WWD Digital Daily

P& G’s Grooming Business Sees an Uptick

● The segment is now trying to serve those who shave, but also those who don’t.


The dominance of Procter & Gamble’s grooming business has been thrown into question in recent years due to the influx of direct-to-consumer shaving brands

— but the business is showing signs of a rebound.

For the quarter ended Sept. 30, the grooming segment posted a 5 percent net sales gain to $1.6 billion. Appliance sales were up more than 30 percent “due to innovation, increased demand for dry shaving and styling products and increased pricing,” P&G said in a statement.

Jon Moeller, P&G’s chief financial officer, said the uptick was driven by appliances and “serving men and women in a more holistic way” — meaning providing products for people who want to shave, as well as those who do not, with products like hair trimmers and beard wax and conditione­r. Moeller called out Gillette

Skin Guard, which is meant for men with sensitive skin as one example, and King C. Gillette, a line meant for men who maintain facial hair, as another.

“We like this business. It is growing, it’s very profitable, highly cash-generative and something we’ll be investing behind,” Moeller said on the company’s Tuesday earnings call.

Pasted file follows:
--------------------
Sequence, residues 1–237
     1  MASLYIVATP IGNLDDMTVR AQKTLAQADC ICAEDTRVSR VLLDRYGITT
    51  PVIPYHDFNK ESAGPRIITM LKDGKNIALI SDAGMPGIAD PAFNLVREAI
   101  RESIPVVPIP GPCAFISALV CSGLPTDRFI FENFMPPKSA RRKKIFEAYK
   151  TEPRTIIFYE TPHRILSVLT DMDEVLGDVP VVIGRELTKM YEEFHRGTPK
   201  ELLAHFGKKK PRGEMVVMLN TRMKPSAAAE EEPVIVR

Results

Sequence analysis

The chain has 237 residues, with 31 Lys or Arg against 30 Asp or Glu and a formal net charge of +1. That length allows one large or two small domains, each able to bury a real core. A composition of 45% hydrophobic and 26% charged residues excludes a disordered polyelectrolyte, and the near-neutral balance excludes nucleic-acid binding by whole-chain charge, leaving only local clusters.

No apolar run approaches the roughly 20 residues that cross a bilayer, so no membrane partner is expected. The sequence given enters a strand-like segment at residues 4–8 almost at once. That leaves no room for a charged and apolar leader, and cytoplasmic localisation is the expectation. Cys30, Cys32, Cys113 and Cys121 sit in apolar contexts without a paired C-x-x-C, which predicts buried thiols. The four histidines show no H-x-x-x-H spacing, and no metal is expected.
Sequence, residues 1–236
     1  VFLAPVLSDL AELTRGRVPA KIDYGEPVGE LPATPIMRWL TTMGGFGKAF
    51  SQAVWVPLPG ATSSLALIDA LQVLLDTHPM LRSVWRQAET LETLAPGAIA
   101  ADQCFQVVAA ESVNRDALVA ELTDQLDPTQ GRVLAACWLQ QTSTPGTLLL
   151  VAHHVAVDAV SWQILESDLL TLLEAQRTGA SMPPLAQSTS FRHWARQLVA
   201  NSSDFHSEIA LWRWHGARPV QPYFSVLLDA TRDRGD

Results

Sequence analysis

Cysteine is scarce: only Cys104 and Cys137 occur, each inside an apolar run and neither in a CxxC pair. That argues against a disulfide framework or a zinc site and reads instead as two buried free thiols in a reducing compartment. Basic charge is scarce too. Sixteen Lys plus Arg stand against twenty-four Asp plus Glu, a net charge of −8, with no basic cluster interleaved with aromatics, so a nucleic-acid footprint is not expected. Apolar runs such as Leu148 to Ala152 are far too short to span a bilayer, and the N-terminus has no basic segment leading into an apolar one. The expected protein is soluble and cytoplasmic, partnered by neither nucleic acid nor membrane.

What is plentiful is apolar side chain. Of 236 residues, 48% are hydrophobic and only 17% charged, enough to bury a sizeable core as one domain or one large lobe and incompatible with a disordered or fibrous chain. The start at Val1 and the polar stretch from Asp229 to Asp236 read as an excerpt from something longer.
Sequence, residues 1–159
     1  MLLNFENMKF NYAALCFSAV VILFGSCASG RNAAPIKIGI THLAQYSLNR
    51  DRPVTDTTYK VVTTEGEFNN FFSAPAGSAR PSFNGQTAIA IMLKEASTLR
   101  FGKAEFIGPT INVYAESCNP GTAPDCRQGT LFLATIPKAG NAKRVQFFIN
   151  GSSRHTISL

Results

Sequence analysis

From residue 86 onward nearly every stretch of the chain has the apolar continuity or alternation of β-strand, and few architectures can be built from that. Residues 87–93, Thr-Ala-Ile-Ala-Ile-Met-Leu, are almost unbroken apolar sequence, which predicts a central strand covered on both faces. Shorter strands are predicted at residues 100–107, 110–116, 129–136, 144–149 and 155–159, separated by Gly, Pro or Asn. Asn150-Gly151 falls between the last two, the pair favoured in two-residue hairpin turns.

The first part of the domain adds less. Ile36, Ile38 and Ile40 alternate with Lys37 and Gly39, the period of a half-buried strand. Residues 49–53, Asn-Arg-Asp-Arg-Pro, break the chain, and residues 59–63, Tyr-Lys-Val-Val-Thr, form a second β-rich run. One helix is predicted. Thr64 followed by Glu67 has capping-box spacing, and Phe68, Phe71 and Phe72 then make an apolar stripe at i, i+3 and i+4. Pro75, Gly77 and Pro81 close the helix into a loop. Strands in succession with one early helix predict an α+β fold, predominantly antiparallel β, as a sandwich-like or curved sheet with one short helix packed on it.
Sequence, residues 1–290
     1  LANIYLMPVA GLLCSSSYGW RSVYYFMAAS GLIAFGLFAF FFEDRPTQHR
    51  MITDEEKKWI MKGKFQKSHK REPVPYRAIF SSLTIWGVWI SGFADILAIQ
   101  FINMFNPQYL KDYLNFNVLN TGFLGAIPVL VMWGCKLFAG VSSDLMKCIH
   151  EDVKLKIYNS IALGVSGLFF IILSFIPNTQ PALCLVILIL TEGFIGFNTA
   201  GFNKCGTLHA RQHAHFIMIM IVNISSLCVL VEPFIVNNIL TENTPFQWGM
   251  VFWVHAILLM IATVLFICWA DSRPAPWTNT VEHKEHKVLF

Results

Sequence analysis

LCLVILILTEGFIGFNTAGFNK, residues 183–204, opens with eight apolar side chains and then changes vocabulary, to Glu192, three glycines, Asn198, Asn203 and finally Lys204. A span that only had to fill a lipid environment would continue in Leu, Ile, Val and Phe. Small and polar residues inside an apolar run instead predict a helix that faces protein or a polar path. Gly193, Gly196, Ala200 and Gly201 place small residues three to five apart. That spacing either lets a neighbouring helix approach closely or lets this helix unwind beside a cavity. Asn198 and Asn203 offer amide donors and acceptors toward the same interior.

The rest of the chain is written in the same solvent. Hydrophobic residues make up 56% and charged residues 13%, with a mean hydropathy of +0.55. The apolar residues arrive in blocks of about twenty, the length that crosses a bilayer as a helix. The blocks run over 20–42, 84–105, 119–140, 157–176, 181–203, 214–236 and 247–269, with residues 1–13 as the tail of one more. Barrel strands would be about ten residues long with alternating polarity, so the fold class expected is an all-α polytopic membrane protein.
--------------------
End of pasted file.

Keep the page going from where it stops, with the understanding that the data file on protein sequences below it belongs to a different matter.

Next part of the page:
Overall, P&G’s sales gained 9 percent in the quarter, to $19.3 billion, with a net earnings increase of 19 percent to $4.3 billion. All segments posted gains.

Beauty saw a 7 percent year-over-year lift to almost $3.8 billion, with sales driven by skin care and “personal cleansing,” the company said. In North America, sales were propelled by the launch of Safeguard hand soap and innovation­s at Olay. Personal cleansing was up 30 percent with doubledigi­t growth in every region. Hair product sales also increased due to demand in

North America, China and Latin America.

 ??  ?? King C. Gillette, the new premium grooming collection from P&G.
King C. Gillette, the new premium grooming collection from P&G.

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